It should be noted, however, that Dom Luís da Cunha did not wish to politically alienate London. Above all, he wanted to rectify the negative effects of a very unbalanced trading relationship, including the repercussions of the Methuen Treaty (Sampaio 1928 and Cardoso 2003). In view of the geographical dispersal of the Portuguese overseas territories, the ambassador couldn’t help being sensitive to the advantages offered by the support of the Royal Navy; an understanding that he continued to nurture despite the suspicions that he had formed in relation to British loyalty.
Just like Dom Luís da Cunha, Sebastião de Carvalho e Melo also was very hostile to the British hegemony and, as a result, he tried to undermine it. However, once again, it was a question of overcoming the more negative effects of the trading relationship without jeopardizing the political alliance.
The notion that the Marquis of Pombal was a staunch enemy of the British has been questioned for several decades. Borges de Macedo, for example, demonstrated that the activity of Dom José I’s minister was mainly aimed at solving economic problems that might be considered internal matters. This was certainly the case with the creation of the Companhia Geral da Agricultura dos Vinhos do Alto Douro (General Company for Wine-Culture in the Upper Douro), designed to reorganize the country’s wine production for the benefit of the Douro region (Macedo 1982 , 58 and ff.). It does, however, seem undeniable that Carvalho e Melo sought to restrict the wide-ranging hegemony of the British over the monarchy’s foreign trade and shipping. In fact, authors such as Kenneth Maxwell, José Vicente Serrão or Jorge Pedreira consider that his economic policy amounted to an attempt to nationalize the vital sectors of the economy (Maxwell 1968; Serrão 1987, 62; and Pedreira 1994, 274-275).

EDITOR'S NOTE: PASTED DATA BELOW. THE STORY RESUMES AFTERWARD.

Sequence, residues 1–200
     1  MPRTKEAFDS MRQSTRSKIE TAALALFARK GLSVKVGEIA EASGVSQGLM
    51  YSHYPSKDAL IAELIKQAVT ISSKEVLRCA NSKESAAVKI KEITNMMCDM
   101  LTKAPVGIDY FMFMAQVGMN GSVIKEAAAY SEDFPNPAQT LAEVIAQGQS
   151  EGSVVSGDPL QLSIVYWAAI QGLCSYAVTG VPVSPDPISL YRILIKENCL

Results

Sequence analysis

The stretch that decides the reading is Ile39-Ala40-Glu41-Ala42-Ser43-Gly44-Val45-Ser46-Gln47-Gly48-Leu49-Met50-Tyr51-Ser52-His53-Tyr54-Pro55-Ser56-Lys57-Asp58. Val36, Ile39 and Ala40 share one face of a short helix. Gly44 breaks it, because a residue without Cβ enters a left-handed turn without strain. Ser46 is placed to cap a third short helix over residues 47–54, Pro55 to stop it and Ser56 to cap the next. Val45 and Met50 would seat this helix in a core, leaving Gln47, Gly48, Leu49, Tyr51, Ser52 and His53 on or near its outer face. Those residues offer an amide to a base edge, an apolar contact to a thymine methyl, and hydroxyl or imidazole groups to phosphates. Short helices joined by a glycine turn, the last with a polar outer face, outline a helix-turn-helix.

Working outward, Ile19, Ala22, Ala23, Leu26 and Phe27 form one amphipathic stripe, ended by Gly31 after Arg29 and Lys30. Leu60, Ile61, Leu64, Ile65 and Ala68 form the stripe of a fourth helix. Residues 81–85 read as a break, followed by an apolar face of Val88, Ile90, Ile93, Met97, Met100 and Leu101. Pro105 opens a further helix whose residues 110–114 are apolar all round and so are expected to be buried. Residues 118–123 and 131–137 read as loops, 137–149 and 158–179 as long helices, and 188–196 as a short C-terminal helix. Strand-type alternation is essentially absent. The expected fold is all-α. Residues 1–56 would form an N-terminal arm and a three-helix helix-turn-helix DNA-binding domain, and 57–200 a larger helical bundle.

The formation of the Grão Pará and Maranhão and the Pernambuco and Paraíba companies, in 1755 and 1759 respectively, was in fact regarded as a very serious threat by the British community (Maxwell 1968, 626). It was feared that the new companies would install agents in every British city, altering “the circulation and channel of trade from the hands of British subjects to the Portuguese”. Rather unsurprisingly, navigation was the main preoccupation of British traders, who claimed: “Such an alternative will be extremely hurtful to our navigation, the trade being entirely carried on by the Portuguese” (Maxwell 1968, 626).